- As I pointed out in my earlier decision in these matters, legal and valuation costs did not form part of the heads of compensation payable under the MRA, and therefore, they did not feature as a head of compensation in that determination. Although legal and valuation costs were recoverable under certain circumstances as part of the negotiation process in the MERCP, the respondents incurred such costs too late in the process to recover same as a head of damage. Insofar as the applicant has pointed this out in his submissions, he is correct. The applicant has, however, failed to grasp that there is a distinction between recovery of legal and valuation fees as a head of compensation and recovery of outlays by way of costs under s 34 of the LCA or s 281(7) of the MRA.
- The applicant has correctly pointed to certain criticisms that I made of the evidence of Mr Cameron. However, what the applicant has failed to have proper regard to is that substantial parts of Mr Cameron’s evidence were relied on by the Court and formed part of the critical evidence taken into account in determining compensation in both matters. There is absolutely no doubt that the task of the Court to make determinations of compensation in both matters was significantly enhanced by the evidence of Mr Cameron, despite its shortcomings in some regards.
- It is also relevant to note that the determinations that I made in both matters are somewhat distant to the submissions made, and evidence given, as to compensation by the applicant and the respondents. As regards the applicant’s submissions, the final determinations were much higher than that proposed by the applicant; as regards the respondents submissions, the final determinations were significantly lower than that proposed by the respondents.
- The Court recognises the significant expense that parties may incur in presenting expert evidence to the Court. However, the Court also recognises the great benefit that it often receives by having placed before it independent expert evidence in general and, as regards compensation matters, expert valuation evidence in particular.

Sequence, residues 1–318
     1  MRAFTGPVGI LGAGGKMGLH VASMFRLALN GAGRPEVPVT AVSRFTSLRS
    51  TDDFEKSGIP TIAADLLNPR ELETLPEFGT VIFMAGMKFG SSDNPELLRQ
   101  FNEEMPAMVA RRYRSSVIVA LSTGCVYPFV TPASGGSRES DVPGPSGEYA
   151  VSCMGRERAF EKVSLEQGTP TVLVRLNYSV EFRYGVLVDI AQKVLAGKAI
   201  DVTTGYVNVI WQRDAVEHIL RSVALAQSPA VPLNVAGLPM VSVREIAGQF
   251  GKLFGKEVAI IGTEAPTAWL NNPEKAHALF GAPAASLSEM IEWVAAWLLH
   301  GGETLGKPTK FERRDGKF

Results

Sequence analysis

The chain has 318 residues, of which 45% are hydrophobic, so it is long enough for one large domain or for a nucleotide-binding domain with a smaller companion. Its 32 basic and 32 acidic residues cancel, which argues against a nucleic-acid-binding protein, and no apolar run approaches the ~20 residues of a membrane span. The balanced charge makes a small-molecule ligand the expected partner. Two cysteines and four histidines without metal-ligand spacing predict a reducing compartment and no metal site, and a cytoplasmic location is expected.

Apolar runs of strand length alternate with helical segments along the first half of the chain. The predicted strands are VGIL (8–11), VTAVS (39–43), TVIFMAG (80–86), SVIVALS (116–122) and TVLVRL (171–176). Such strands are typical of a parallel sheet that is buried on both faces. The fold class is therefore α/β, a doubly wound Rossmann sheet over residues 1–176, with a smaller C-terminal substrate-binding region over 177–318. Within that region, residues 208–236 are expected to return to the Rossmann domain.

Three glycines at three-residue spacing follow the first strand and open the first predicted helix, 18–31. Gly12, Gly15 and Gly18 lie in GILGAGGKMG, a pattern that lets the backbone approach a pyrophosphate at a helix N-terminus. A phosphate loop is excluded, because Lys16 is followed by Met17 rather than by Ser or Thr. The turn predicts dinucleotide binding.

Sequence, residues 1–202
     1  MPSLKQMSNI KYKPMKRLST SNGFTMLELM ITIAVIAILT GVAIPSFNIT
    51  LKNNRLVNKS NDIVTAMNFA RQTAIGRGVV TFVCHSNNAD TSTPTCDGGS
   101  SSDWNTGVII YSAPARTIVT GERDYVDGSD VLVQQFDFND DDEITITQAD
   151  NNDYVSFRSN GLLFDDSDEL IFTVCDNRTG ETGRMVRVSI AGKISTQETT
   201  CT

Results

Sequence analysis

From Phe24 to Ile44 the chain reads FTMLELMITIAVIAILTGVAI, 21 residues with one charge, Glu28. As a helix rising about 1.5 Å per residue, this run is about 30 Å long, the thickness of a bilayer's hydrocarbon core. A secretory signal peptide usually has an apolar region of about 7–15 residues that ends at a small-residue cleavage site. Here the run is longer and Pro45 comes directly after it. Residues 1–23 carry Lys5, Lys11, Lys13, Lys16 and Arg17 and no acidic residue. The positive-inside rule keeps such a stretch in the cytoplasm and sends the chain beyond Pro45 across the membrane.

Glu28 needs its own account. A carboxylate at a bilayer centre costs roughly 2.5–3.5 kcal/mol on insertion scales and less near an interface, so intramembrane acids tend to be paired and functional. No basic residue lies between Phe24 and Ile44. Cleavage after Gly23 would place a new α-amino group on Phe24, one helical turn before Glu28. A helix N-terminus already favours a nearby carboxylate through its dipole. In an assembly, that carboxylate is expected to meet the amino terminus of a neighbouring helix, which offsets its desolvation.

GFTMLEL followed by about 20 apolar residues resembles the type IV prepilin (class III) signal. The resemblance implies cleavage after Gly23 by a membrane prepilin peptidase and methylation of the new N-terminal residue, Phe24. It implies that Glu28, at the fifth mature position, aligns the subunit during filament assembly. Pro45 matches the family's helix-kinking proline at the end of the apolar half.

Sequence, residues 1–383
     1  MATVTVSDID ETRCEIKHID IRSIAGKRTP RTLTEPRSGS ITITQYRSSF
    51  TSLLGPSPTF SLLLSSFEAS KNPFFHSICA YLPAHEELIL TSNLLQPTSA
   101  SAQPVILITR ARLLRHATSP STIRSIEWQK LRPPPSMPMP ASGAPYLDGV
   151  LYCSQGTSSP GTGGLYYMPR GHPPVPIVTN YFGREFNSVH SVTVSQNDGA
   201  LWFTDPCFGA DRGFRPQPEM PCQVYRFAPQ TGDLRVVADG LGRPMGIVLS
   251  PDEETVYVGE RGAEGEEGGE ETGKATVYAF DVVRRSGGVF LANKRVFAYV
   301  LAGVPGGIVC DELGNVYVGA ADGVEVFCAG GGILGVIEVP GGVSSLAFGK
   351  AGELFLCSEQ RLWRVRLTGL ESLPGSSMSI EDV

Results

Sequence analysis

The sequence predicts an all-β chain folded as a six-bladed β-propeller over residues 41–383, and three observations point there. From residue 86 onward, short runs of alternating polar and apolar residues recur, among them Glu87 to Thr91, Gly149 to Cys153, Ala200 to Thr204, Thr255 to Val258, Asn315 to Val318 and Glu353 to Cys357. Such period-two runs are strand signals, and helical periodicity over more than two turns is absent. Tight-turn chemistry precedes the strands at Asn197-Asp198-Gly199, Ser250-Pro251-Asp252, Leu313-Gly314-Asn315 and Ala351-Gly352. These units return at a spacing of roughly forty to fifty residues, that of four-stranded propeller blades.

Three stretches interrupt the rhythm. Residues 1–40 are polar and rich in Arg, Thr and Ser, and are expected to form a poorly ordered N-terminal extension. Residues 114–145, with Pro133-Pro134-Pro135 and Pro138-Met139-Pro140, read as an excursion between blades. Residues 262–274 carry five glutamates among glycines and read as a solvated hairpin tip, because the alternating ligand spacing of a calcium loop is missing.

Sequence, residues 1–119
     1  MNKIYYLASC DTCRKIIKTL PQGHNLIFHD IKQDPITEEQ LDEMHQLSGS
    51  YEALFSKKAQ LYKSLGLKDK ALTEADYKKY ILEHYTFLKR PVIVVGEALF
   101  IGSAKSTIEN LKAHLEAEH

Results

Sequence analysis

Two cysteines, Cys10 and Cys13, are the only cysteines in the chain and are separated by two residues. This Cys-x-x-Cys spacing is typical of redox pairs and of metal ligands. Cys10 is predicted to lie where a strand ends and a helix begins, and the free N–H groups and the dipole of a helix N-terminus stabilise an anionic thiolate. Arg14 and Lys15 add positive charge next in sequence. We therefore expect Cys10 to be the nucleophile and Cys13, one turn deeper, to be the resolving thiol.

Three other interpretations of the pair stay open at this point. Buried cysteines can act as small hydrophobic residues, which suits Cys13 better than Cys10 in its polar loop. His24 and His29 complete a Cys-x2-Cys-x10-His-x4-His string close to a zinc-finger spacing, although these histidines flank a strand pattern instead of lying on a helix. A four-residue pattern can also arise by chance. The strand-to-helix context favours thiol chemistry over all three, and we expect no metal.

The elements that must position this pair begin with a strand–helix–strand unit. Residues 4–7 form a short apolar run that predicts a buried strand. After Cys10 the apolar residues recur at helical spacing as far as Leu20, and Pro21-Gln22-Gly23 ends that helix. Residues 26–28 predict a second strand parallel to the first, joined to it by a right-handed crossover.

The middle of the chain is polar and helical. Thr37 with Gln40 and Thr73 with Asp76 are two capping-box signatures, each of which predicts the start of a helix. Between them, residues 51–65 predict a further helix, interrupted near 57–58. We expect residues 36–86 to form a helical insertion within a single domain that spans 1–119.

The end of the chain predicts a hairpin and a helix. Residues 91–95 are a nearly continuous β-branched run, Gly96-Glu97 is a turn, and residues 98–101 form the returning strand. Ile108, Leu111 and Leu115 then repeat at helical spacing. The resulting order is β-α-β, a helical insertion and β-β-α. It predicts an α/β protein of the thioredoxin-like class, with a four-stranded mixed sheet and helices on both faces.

- In the case at hand, while it is true that the valuation evidence came late in the process after negotiations had essentially concluded, the Court, nonetheless, obtained assistance by having such evidence before it. Due to the rejection of part of the valuation evidence by the Court, and also because of the circumstances surrounding the very late engagement by the respondents of Mr Cameron, and taking into account the fact that the final determinations of compensation fell between the contentions made by the applicant and the respondents, this is an appropriate case where each party should bear half the cost of the expert valuation evidence and report. I accept the invoices made by Mr Cameron’s firm as reasonable. Accordingly, it is appropriate that each party pay $1,760 for Mr Cameron’s report and time giving evidence.
- It follows that the applicant should pay to the respondents the sum of $1,760 for the respondents’ outlays on the expert valuation report and evidence. It must be emphasised that this amount represents a single payment for such outlays in both matters.
- I now turn to the claim for outlays for legal expenses. I have carefully considered the invoice submitted in this regard. It is abundantly clear to me that a large number of the itemised claims could appropriately be classified as solicitor and own client costs. I agree with the applicant that such costs are not recoverable.
- I also agree with the applicant that it is not just in these matters for the applicant to bear the legal costs incurred by the respondents in circumstances where the solicitors were not engaged by the respondents at the hearing, nor at any of the earlier negotiations. The solicitors were engaged for only a brief period after the bulk of negotiations had taken place and before the matters proceeded to hearing.
- In all the circumstances, I do not consider it appropriate to make any order as to the payment of the respondents’ outlays with respect to their solicitors’ fees.
- I allow the applications for costs by the respondent, and fix such costs in the total sum of $1,760 for both matters. To remove any doubt in the event that there is dispute between the parties as to the payment of costs, 50% of the sum of $1,760 is deemed to be with respect to MLA 100140 (MRA369-17) and 50% of the sum of $1,760 is deemed to be costs with respect to EPM 25185 (MRA150-18).
- The applicant is to pay the total sum of $1,760 to the respondents within 30 days of the handing down of this decision.
As regards both MLA 100140 (MRA369-17) and EPM 25185 (MRA150-18):
- The applications by the respondent for costs are allowed.
- The applicant is ordered to pay the respondents the total sum of One Thousand Seven Hundred and Sixty Dollars ($1,760) for costs with respect to both matters.
- To remove any doubt, should there be dispute between the parties as to the payment of costs, 50% of the sum of One Thousand Seven Hundred and Sixty Dollars ($1,760) is deemed to be with respect to MLA 100140 (MRA369-17) and 50% of the sum of One Thousand Seven Hundred and Sixty Dollars ($1,760) is deemed to be costs with respect to EPM 25185 (MRA150-18).
- The applicant is to pay the total sum of One Thousand Seven Hundred and Sixty Dollars ($1,760) to the respondents within thirty (30) days of the handing down of this decision.
MEMBER OF THE LAND COURT
- Published Case Name:
Deimel v Phelps & Anor (No. 2)
- Shortened Case Name:
Deimel v Phelps & Anor (No. 2)
 QLC 21
12 Apr 2019